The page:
City dwellers moved to rural areas in droves during the pandemic, since remote-work policies let them do their jobs anywhere with a decent internet connection. A story from rural New Hampshire explores how new residents could transform the region if they stick around after the pandemic.
It hasn't been all positive, Sarah Gibson reports for New Hampshire Public Radio. One new resident said it's difficult being biracial and Black in a small town, and told Gibson he hears racist comments every day. Many new residents complain of slow internet. The surge has driven up local real estate costs. And some schools in New Hampshire (and elsewhere) have struggled to cope with the influx of new students.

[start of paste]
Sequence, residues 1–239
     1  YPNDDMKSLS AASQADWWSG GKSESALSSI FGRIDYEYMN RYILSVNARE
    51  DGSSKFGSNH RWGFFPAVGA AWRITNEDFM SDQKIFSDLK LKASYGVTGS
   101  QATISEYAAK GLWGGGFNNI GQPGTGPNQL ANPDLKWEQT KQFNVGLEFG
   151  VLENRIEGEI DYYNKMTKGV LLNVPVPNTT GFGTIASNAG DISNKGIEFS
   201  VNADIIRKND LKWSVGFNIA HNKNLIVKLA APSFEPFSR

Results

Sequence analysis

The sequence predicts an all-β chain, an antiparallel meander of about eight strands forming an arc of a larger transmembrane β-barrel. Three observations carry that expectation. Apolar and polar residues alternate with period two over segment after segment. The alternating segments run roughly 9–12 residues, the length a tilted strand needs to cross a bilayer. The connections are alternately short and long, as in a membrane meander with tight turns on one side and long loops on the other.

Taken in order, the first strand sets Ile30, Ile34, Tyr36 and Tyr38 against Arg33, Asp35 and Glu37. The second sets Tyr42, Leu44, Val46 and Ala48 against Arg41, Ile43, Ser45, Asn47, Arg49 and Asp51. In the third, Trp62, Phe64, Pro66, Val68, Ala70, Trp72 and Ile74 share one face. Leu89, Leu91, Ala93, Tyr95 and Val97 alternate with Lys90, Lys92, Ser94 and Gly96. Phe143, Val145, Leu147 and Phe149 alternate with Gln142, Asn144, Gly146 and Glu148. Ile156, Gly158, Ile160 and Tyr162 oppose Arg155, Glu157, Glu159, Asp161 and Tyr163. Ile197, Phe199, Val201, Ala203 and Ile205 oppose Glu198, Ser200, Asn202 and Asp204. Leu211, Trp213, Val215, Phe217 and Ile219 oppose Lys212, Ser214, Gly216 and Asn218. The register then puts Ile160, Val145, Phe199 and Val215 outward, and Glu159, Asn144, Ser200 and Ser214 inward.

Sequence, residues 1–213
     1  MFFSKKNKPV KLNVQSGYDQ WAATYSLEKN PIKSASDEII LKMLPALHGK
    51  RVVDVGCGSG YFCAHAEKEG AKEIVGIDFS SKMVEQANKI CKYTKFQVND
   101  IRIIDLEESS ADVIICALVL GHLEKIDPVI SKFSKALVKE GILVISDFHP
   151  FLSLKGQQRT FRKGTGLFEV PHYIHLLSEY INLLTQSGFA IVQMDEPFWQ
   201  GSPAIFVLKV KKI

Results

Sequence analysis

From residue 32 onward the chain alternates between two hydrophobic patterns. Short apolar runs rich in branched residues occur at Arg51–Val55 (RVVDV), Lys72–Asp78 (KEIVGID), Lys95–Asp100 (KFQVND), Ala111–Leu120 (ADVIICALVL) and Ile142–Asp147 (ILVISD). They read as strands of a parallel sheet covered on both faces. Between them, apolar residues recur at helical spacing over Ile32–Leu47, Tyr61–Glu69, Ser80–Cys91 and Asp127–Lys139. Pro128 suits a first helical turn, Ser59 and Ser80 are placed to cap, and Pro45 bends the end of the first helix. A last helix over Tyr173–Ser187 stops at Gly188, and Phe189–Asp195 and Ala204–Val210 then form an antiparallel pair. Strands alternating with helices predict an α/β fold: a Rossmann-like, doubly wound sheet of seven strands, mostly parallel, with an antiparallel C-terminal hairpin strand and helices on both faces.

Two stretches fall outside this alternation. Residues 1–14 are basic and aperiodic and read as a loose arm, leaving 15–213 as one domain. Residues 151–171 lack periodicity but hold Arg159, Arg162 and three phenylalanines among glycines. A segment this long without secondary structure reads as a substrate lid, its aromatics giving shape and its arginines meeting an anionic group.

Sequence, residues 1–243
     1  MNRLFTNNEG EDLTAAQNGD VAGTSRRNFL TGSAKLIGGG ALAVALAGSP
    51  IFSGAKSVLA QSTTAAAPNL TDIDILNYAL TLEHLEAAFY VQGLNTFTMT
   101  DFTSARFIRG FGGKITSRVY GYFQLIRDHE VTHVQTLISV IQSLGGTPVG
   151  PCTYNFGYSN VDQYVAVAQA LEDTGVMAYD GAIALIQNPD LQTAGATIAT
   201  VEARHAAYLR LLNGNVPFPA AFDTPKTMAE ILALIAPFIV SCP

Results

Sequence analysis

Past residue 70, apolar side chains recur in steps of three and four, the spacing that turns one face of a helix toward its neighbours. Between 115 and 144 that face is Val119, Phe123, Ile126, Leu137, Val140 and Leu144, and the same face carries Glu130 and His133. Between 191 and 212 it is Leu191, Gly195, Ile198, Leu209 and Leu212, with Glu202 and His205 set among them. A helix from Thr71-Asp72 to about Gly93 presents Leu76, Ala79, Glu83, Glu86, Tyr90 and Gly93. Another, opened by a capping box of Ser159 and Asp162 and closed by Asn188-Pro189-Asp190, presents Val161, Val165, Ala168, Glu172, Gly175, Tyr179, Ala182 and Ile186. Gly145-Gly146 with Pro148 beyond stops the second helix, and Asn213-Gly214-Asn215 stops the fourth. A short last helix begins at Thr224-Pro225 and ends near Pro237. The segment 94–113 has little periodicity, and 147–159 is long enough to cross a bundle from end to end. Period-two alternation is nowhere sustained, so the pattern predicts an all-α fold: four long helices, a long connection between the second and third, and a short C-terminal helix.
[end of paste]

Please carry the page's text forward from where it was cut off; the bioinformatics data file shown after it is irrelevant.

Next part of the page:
But new residents could bring needed revenue to the community, plus something else, said University of New Hampshire demographer Kenneth Johnson: "The volunteer fire department, the PTA, all the groups affiliated with churches or civic organizations . . . all need that energy and enthusiasm of new people."